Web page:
In his book, The Great Divorce, C. S. Lewis gives us a description of those individuals from Gray Town (Hell) who are being given the opportunity to enter Heaven should they simply relinquish their one true love in favor of God. Each character’s story allows us to contemplate those things in our lives which we also place before our love of God. This Lenten study is five weeks.
The Great Divorce gives us two primary understandings of Hell. First, Hell is a place of progressive non-existence. Second, the gates of Hell are always locked from the inside.
For Lewis, Heaven is a state of being (ontology) whereby we become fully human and are transformed into the full likeness and nature of God. Alternatively, Hell is that state of being whereby we un-become human and gradually decline into that state of non-being and non-existence.
I think that earth, if chosen instead of Heaven, will turn out to have been, all along, only a region in Hell; and earth, if put second to Heaven, to have been from the beginning a part of Heaven itself.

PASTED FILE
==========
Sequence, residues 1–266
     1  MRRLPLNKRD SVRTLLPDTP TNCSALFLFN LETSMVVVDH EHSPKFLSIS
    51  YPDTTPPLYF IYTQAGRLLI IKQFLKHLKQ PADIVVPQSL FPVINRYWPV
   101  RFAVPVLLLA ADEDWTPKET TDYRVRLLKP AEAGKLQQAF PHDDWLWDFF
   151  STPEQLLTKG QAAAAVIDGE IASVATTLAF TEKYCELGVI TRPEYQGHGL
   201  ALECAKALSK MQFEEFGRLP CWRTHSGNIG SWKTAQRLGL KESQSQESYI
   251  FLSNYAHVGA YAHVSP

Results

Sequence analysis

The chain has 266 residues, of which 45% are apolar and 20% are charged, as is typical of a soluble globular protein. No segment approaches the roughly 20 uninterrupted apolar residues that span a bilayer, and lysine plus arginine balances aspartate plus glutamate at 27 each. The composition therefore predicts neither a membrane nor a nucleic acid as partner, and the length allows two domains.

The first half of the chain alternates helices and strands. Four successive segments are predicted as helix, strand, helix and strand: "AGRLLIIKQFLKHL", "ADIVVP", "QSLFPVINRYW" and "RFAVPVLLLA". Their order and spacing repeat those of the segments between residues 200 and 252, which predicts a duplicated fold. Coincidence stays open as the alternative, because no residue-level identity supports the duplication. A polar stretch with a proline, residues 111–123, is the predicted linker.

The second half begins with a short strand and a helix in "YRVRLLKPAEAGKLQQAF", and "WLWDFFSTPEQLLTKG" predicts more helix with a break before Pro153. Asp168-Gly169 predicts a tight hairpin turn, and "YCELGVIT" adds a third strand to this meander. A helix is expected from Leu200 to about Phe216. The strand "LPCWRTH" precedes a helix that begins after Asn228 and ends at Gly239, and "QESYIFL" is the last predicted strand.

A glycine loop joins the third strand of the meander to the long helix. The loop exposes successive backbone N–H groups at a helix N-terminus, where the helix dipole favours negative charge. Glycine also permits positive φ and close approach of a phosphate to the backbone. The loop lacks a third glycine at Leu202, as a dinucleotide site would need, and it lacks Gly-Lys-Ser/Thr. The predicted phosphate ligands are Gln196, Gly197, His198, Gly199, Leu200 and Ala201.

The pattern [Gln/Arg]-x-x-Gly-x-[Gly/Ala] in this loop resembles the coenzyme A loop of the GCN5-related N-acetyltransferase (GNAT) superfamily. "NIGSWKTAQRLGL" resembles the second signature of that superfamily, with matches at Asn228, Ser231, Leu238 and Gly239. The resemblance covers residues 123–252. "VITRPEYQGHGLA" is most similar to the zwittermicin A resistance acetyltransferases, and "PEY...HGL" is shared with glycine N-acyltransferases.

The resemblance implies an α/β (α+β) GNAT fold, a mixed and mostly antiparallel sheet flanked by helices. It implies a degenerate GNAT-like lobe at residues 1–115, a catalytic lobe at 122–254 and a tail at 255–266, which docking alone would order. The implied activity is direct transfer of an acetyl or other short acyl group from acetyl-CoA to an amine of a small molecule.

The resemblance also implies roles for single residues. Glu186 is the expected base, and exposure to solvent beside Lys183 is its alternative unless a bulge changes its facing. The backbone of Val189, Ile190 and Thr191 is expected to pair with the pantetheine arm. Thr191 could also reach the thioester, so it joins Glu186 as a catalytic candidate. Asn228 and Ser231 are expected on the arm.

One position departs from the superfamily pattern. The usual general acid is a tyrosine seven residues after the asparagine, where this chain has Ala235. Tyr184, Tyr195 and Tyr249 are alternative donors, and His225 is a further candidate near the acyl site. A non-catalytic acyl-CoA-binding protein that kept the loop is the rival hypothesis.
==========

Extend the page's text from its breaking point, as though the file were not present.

Within these chapters, we will meet three of the bus riders who came from Hell. As you read through the chapters, see what part of your life Lewis is speaking to. Also, as with any author we read, don’t be afraid to disagree with Lewis or question his perspective.
But He cannot defend this deity of His against the self-righteous people who are unwilling to accept grace and eternal life from Him freely but want to earn it by their own works. They simply want to rob Him of the glory of His deity. – Martin Luther
As we progress through the book, the ghosts and their respective problems should be getting more personal. This week, we’ll meet the ghosts of doubt – the Hard-Bitten Cynical and the Frightened Shame-filled ghost.
As Lewis shows us, non-existence overcomes the humanity in the ghosts and the grumbler becomes a grumble and the ghost of Robert’s Wife simply goes “poof.”
Nothing in and of itself is good or bad (how can the love of a child be wrong) but when that thing takes the place of God, it causes us to miss the mark (i.e. sin). Therefore, the challenge that Lewis gives us is to see those idols in our life that draw us away from God so that they can be put in their proper place.
Lewis’s teaching is that if we can begin to wrap our heads around the idea that the movement of time is simply an illusion, then the stark difference between creation/annihilation, universalism/election, and predestination/freedom disappears.
If you could insert a chapter about your own ghost, how would it read? What thing is the most important thing in your life? What idol are you prepared to protect and pursue at all costs?